The United States has not had a clear strategy in Syria since the beginning, which has created the risk of intelligence leaking to its competitors after leaving the country, according to an anonymous US defense official quoted by the media.
Despite claims that US operations in Syria were focused on combating ISIS rather than engaging in civil war, the United States failed to prevent this. The United States’ choice to continue supporting Kurdish fighters meant that the US could no longer remain a bystander in the Syrian conflict.
While the Syrian Democratic Forces (SDF) do not have formal intelligence to share, they will have internal knowledge about some individuals, operating procedures or aircraft response times, said a former defense official, quoted by the Military Times
“They may be coerced. I don’t think they [SDF] will like it, but they may be in survival mode and will need to make deals with bad actors,” he said.
The new partnership for Kurdish fighters could be an intelligence boon for Russia and Syria, as the US-backed SDF has spent years working alongside US commandos evaluating tactics, techniques, procedures, equipment, intelligence gathering and even potential names of operators. In addition, the Americans helped create the Kurdish Yekineyen anti-terrorist unit to combat ISIS, which received US weapons and night-vision equipment.
While US troops have often described their SDF partners as competent and loyal, there is now a real risk that US Special Forces technical knowledge and personal information will reach Russian and Syrian hands. A former US military intelligence operator stated that the potential for the spread of sensitive information or methods by the SDF was super problematic, but also a symptom of the lack of genuine strategy in the region.
Disclosure of this information puts SOF [Special Operations Forces] at great risk and removes their focus on the mission if they know the enemy can target their family at home, retired Marine Major Fred, a former commander of reconnaissance and raid missions who served in Afghanistan, told the Military Times.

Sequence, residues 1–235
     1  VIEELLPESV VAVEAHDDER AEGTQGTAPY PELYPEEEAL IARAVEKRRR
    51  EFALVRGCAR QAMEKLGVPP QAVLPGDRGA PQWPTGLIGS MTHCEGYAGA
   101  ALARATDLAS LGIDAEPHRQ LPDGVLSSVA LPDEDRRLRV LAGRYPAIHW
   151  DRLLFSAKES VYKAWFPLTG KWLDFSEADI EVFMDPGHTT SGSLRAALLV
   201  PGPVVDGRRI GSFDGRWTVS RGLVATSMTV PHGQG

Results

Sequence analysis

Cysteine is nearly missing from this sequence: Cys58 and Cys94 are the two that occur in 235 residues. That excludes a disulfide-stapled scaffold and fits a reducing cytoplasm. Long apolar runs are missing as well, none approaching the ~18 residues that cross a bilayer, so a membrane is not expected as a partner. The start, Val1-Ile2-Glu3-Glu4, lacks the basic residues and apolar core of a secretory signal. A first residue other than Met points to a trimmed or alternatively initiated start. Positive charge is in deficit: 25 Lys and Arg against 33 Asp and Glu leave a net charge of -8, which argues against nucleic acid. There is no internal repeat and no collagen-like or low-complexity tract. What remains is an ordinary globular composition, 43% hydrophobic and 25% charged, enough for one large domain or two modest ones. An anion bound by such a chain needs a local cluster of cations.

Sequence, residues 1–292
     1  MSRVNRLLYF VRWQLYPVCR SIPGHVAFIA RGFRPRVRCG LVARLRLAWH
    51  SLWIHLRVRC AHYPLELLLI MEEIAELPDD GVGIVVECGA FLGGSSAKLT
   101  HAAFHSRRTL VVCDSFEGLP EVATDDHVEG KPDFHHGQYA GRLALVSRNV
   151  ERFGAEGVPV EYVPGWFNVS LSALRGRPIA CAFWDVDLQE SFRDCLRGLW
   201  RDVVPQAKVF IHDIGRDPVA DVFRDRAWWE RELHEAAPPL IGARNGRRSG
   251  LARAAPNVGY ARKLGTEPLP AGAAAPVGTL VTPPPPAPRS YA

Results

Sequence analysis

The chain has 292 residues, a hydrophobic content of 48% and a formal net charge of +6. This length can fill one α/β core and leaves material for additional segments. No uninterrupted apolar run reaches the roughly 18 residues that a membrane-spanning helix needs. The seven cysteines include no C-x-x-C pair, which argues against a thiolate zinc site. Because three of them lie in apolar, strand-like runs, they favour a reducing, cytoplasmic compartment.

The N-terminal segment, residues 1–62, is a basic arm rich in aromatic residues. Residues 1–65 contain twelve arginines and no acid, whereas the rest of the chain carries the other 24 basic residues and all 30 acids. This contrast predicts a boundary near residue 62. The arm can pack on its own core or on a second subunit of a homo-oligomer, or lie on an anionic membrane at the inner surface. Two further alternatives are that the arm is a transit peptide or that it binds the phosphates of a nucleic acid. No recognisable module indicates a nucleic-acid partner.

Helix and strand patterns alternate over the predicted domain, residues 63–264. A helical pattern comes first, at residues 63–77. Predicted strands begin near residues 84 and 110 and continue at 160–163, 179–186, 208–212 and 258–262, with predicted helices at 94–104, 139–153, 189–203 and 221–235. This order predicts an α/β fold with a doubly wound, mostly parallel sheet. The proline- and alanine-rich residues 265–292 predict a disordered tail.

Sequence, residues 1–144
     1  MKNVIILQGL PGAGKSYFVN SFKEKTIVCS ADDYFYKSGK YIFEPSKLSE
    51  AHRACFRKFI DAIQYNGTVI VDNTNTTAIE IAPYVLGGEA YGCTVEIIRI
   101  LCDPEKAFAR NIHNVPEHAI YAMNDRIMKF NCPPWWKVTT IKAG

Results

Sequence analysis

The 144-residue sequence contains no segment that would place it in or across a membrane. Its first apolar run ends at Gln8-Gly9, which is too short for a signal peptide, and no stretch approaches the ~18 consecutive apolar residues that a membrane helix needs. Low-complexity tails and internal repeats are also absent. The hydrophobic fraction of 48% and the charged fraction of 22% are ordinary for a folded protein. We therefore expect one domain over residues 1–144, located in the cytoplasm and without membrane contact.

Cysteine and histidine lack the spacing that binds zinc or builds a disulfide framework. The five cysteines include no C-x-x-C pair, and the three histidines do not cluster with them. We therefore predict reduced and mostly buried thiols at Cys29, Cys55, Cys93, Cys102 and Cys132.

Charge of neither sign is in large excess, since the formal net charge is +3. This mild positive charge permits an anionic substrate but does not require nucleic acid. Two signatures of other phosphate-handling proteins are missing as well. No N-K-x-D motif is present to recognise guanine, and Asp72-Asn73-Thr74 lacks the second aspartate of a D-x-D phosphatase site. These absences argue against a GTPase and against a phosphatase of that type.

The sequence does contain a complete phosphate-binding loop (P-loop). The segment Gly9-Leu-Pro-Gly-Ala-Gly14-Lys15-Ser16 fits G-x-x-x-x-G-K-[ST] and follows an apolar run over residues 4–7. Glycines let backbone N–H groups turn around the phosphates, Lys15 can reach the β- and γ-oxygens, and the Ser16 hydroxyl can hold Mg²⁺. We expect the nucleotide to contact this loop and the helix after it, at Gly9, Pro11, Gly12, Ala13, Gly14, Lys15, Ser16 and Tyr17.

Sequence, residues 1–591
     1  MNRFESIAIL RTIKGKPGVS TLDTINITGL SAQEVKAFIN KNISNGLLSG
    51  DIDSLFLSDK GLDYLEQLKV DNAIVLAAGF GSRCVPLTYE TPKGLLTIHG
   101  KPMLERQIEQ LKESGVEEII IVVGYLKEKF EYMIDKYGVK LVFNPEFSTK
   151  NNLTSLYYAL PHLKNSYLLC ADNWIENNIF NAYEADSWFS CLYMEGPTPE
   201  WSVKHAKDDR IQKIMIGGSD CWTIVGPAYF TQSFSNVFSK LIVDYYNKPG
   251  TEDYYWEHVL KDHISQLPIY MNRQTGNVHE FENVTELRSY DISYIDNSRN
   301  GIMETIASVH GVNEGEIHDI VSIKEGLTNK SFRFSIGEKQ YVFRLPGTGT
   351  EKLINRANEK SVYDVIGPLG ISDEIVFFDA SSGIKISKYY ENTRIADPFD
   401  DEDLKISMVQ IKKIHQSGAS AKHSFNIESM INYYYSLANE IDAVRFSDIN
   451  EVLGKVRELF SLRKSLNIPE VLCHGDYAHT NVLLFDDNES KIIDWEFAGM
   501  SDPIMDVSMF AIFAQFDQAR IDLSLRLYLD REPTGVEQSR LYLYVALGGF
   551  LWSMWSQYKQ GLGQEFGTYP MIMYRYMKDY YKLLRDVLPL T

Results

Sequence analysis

Sometimes special operations forces can work with partner forces using false names, especially if there is an internal threat, Galvin explained.
SOFs have been trying to mitigate it, they always do, but simply never before have we had a force completely defecting to their opponents in this way, the former official said.
If we believe in the anonymous US Defense official, however, the issue is no more worrying than when special operations forces deployed to Africa a few decades ago had to face a change of loyalty to partner forces on the continent.
“We need to ask ourselves, ‘Should we be committing forces to work with a national partner force without a real functional strategy in the area?'” Said the former intelligence official.
“Without a true national strategy for the region we will continue to fight issues such as changing loyalties and exposing our SOF and conventional forces working in partnership with other forces to commit to our nearest opponents,” he said.
US President Donald Trump finally put some of these notions aside on Monday, October 7, when he announced the withdrawal of Syrian troops (although a small handful of US commandos remain in al-Tanf’s garrison). Secretary of Defense Mark Esper agreed to the action using justification for the lack of a strategy in Syria.